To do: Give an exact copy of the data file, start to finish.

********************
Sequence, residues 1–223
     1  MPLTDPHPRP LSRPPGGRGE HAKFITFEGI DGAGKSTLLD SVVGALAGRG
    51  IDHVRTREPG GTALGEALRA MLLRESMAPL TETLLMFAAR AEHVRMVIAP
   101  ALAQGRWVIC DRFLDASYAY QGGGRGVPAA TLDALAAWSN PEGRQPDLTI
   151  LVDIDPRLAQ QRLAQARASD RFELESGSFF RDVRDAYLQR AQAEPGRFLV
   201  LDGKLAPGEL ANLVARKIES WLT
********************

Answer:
Sequence, residues 1–223
     1  MPLTDPHPRP LSRPPGGRGE HAKFITFEGI DGAGKSTLLD SVVGALAGRG
    51  IDHVRTREPG GTALGEALRA MLLRESMAPL TETLLMFAAR AEHVRMVIAP
   101  ALAQGRWVIC DRFLDASYAY QGGGRGVPAA TLDALAAWSN PEGRQPDLTI
   151  LVDIDPRLAQ QRLAQARASD RFELESGSFF RDVRDAYLQR AQAEPGRFLV
   201  LDGKLAPGEL ANLVARKIES WLT